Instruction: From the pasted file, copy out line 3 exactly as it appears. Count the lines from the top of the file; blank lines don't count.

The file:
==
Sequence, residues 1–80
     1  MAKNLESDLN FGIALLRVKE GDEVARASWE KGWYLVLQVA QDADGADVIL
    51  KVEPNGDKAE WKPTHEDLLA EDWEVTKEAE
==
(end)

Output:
    51  KVEPNGDKAE WKPTHEDLLA EDWEVTKEAE